How can I prepare for breastfeeding? Will I have help?
When you’re expecting a baby, you will ask yourself many questions about motherhood, fatherhood and life with the baby. This is why prenatal education plays an important role. It helps you get informed and prepare you for the arrival of your baby.
For future parents like you, I think breastfeeding is an important topic to deal with during pregnancy to ponder different options.
I suspect that you have frequently heard stories about breastfeeding experiences from people around you. Some might have been positive, and others less so. However, it’s important to remember that the experiences of others aren’t yours. That is why I often tell future parents that I meet, those hesitating or doubting their ability to breastfeed, “why not try your own experience? No one can tell you how your experience will be. Moreover, you might get a great surprise. Everything you give your baby will be positive, however long it lasts.”
Even if for the majority of women, breastfeeding seems to be a natural and easy choice due to the known health benefits for Mother and baby, for others, reality can be entirely different.
The way you choose to feed your baby remains a personal choice. For women who want to breastfeed, you will see that despite your inexperience, breastfeeding can be learned and developed over time. You need to give yourself time. Never forget that!
For other mothers who can’t or don’t want to breastfeed for different reasons, you have other options. For example, you can pump your milk with a double electric pump, or use a public breast milk bank, or use newborn formulas. Unfortunately, specific situations at birth can sometimes require turning to alternative methods, frequently temporarily, to adjust to the dietary needs of your newborn. Think about a very premature baby or a baby with a defect so they can’t breastfeed directly from the breast after childbirth. Happily, this isn’t the norm.
Many parents ask me how lactation starts after childbirth. Well, it’s the detachment of the placenta sends the message to your brain that you now need to feed your baby. Also, the baby’s sucking will then stimulate milk production and maintain the production over time.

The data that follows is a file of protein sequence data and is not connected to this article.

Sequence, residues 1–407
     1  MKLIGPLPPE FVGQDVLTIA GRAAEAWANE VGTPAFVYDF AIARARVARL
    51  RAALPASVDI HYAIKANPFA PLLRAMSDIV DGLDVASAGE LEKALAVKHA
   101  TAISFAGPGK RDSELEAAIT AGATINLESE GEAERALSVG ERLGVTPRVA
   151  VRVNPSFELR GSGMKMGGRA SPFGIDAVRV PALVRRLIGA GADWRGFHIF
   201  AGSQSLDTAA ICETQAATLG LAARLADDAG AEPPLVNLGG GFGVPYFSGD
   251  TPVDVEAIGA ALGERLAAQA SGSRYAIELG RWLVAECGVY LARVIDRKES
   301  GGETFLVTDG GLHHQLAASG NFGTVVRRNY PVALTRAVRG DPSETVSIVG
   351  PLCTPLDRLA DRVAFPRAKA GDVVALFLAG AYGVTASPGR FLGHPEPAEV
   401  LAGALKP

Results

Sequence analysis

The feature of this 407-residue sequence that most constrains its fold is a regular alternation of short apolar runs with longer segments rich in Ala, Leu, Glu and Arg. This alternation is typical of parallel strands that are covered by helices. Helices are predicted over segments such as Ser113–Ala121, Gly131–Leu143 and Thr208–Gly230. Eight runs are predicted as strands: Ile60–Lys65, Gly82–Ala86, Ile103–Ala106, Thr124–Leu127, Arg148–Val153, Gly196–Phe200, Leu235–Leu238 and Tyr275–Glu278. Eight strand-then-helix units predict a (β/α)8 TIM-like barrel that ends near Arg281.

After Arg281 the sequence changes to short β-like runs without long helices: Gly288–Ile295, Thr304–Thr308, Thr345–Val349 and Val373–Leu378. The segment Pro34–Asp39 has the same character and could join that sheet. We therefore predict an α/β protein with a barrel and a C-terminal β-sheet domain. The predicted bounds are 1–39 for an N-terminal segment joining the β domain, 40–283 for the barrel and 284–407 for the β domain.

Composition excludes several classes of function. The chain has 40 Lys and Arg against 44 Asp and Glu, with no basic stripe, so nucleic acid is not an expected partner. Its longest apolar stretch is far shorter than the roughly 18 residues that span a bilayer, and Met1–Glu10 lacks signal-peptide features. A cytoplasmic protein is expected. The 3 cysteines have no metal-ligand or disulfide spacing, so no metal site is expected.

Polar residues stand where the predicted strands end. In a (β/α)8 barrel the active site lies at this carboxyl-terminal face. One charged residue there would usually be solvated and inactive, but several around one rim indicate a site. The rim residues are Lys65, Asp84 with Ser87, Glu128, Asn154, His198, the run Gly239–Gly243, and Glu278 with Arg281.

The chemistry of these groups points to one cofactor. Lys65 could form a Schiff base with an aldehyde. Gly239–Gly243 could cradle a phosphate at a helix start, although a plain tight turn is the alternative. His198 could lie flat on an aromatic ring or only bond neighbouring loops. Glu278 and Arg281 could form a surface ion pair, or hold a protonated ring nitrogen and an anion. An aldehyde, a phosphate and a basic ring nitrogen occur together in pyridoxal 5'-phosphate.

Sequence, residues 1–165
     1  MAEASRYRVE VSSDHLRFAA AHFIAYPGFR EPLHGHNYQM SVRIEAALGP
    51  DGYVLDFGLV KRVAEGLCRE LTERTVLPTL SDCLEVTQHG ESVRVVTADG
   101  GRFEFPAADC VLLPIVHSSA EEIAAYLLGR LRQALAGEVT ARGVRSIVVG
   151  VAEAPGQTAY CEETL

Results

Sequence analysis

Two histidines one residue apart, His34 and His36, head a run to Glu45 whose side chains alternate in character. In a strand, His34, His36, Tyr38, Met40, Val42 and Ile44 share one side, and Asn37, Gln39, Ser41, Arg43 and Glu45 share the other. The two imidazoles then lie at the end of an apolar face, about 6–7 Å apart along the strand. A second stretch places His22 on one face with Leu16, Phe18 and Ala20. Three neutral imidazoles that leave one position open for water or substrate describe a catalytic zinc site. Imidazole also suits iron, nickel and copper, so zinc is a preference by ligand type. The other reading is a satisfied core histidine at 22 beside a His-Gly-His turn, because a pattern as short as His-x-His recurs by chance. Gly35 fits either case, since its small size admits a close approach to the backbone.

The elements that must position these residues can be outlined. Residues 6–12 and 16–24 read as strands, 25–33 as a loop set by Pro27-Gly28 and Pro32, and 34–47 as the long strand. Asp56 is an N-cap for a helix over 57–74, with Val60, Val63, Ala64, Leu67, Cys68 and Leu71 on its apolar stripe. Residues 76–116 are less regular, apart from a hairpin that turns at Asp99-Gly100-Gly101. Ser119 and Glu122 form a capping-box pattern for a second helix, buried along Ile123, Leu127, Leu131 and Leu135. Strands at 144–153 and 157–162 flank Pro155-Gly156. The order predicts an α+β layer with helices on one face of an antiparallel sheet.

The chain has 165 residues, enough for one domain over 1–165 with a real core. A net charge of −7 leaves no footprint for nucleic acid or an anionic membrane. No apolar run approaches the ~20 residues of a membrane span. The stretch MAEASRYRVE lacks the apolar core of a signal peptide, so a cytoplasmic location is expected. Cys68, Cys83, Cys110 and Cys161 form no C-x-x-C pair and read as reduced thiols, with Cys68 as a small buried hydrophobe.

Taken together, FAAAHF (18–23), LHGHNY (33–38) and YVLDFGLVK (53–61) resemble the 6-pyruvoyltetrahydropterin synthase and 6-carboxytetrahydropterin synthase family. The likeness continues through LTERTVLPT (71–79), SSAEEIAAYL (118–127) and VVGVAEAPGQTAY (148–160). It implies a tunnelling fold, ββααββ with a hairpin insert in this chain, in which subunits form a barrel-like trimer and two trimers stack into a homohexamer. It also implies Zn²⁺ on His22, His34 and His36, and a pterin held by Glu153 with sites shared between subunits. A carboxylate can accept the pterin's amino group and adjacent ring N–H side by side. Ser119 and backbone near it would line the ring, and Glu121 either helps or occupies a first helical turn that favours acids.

Colostrum is the first liquid that flows from your breasts, and it can even happen during your pregnancy. This thick yellowish liquid is rich in antibodies and protects the baby from many infections from the world outside the uterus. Colostrum is also a laxative and helps evacuate meconium, this sticky forest green substance contained in the baby’s intestine on birth. Colostrum is often called your “first milk,” which will gradually change into bluish-white milk, richer and thicker which is called permanent milk, arriving about ten days after childbirth. This takes place gradually to help the baby adapt to receiving and absorbing something in their gastrointestinal system.
Breast milk has many virtues, besides meeting your baby’s nutritional needs. It helps strengthen their immune system due to the antibodies you give them in your breast milk. It also strengthens the protective barrier in their intestine to help combat viruses and harmful bacteria. Your milk digests easily, and very few allergies are found in this liquid because it’s adapted for newborns immature at birth. Milk changes during the day, changes over time for your baby as they grow. It can’t be imitated; this liquid is white gold!
If you want to breastfeed your baby, I’m sure that you would like a few practical pieces of advice to ensure you have the best chance of ensuring the experience is a good one. Here are a few helpful elements:
When your baby is born, skin-to-skin contact is promoted, encouraged because we have noted that the baby will warm up faster. This close contact with mothers will also help reassure them, gets them close to your breast, your smell.
Also, to help you, maternity ward caregivers will apply the Rule of 5:
- The right time
- The right position
- Proper latching
- Proper nipple latching
- Proper suction
To determine the right time for the first feeding, which often happens on its own, the baby will show signs that they’re alert and are interested in feeding within the first hours after childbirth. They might stick out their tongue, suck their lip or fist, root on your skin, then raise their head a bit then lower it, a bit like a woodpecker. This is how staff, who is there to guide you, will help the baby to approach your breast gradually. You won’t be alone!
Proper support is the best way to help you experience new things, right? This is also the case for breastfeeding.
When a mother has help from her partner, an encouraging environment, warm and helpful support, this can contribute to breastfeeding success. Everyone will work together as a team.
It’s also true that some women will have discomfort, especially in the first days. But trust the process, and solutions exist. However, you need to ask for help from breastfeeding specialists when you feel discomfort to get the right advice. Your discomfort is there for a reason, and health professionals will examine your breastfeeding techniques to identify problems and help correct them. They want to ensure that you have the best breastfeeding experience possible.
I wish you all the best, and cherish each moment, as they will never be repeated.
The Baby Expert